FARMINGTON — A group of women gathered Thursday in a sunny room at the Oakridge Country Club for a luncheon to celebrate their best year of fundraising yet.
The money they raised — and have repeatedly raised in the past five years — almost single-handedly comprises the funds used for the state's Amber Alert program.
"I love our children and I know you love our children and I'm amazed at what a group of determined women can accomplish, though I shouldn't be surprised," Utah Attorney General John Swallow said as he accepted a check for more than $16,000 from the Davis Chamber of Commerce Women in Business.
"It's all about messages, and this helps us get the message out that we will work to keep children in Utah safe," he said. "Just as a snowball rolling downhill piles up speed and size; that is what this will do."
Jim Smith, president and CEO of the Davis Chamber of Commerce, said the fundraising effort has become part of the group's identity. Though they had originally intended to rotate the beneficiary charity every year, they keep coming back to Amber Alert because of one "very compelling" member — Elaine Runyan-Simmons.
"It's a legacy I leave for my daughter," she said of her commitment to see the Amber Alert implemented and sustained in Utah. "If there was something still in place like this back then, maybe we'd still have her."
"I love our children and I know you love our children and I'm amazed at what a group of determined women can accomplish, though I shouldn't be surprised."
Runyan-Simmons' daughter, Rachael, was 3 years old when she was abducted from a Sunset playground just 50 feet from her home back in 1982. Her body was found in a stream north of Mountain Green about a month later.
She said it was difficult to spread the word then, as they printed posters and fliers and spent around $10,000 on postage in just three weeks' time. She still wonders what might have been if the reach of an Amber Alert system had been available then.
It's what motivated her to push for the system, originally named the Rachael Alert in Utah, and what propels her to continue forward.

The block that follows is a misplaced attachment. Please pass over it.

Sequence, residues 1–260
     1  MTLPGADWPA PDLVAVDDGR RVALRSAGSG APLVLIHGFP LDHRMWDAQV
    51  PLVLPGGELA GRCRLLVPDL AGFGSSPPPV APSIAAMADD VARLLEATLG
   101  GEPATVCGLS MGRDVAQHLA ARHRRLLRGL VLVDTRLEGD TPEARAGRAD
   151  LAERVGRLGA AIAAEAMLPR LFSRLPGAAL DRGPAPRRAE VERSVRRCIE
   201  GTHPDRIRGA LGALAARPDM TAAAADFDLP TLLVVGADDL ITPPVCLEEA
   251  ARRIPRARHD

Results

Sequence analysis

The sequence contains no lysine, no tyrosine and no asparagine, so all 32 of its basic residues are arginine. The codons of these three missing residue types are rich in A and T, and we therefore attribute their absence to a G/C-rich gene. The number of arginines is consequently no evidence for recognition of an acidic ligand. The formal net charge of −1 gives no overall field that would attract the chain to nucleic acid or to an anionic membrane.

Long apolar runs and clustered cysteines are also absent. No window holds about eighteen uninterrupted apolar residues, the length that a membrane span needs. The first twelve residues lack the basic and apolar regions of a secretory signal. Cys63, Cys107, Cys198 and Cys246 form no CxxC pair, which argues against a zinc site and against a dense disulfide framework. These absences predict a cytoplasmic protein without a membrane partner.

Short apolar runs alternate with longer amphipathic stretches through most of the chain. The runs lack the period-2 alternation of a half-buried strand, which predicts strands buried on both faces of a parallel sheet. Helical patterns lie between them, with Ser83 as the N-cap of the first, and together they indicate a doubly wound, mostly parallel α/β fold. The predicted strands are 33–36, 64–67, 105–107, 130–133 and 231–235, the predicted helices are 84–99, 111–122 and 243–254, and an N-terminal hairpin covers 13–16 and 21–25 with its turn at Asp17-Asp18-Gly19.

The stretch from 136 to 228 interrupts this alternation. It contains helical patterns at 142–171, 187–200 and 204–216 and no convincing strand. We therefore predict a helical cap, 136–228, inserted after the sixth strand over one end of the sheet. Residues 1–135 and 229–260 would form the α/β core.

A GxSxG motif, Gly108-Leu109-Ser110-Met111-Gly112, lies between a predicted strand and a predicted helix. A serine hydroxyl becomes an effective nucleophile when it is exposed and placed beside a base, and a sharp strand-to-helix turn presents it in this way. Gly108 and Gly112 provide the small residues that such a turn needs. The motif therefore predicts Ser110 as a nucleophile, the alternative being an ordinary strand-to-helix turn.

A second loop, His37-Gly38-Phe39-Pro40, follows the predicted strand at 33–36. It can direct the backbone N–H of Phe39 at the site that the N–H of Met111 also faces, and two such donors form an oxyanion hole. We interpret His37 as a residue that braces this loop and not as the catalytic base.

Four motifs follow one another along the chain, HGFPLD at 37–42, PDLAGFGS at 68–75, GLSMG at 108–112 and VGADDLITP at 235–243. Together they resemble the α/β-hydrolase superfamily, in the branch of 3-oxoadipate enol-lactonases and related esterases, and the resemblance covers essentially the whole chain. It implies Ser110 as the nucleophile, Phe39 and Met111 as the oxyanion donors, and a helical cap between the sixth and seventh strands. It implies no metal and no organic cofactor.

"After we found her and after her funeral, we began speaking out," Runyan-Simmons said. "I have children and grandchildren now. I want them to play in safety without having to go through what our daughter did."
Paul Murphy, spokesman for the Utah Attorney General's Office, said the Amber Alert notification does not cost money.
"Our budget is zero unless money comes in," he said. "We have this fund and we use it when we need to. … They expand our scope."
He said they are hoping to use the money donated Thursday to pay for training for law enforcement, as well as printing posters that will provide information for law enforcement and the media about Amber Alerts and when and how they are issued.
Murphy helped develop the Amber Alert and is currently its state coordinator. The nation took note of the system — then called the "Rachael Alert" — after the kidnapping of Elizabeth Smart in 2002, he said.
Until that point, less than a dozen states in the nation had a similar alert system, Murphy said. Still, it had saved 16 children nationwide.
When Smart was found, her father, Ed Smart, called for a national alert for kidnapped and endangered children. To date, Murphy said, the Amber Alert has led to the safe return of 600 children across the country.
"Elaine is the person who inspires me to work harder and do more," Murphy said.
Runyan-Simmons just wants to ensure that no parent and no child have to endure what her family and her daughter went through. She said the girl was a "perfect child" who was loved and adored by all who knew her.
She was quiet and sweet. "Always a doll." And the pain of losing her persists 30 years later.
"It was a horrible ordeal and it will never go away," Runyan-Simmons said. "This is something I can do to fight that."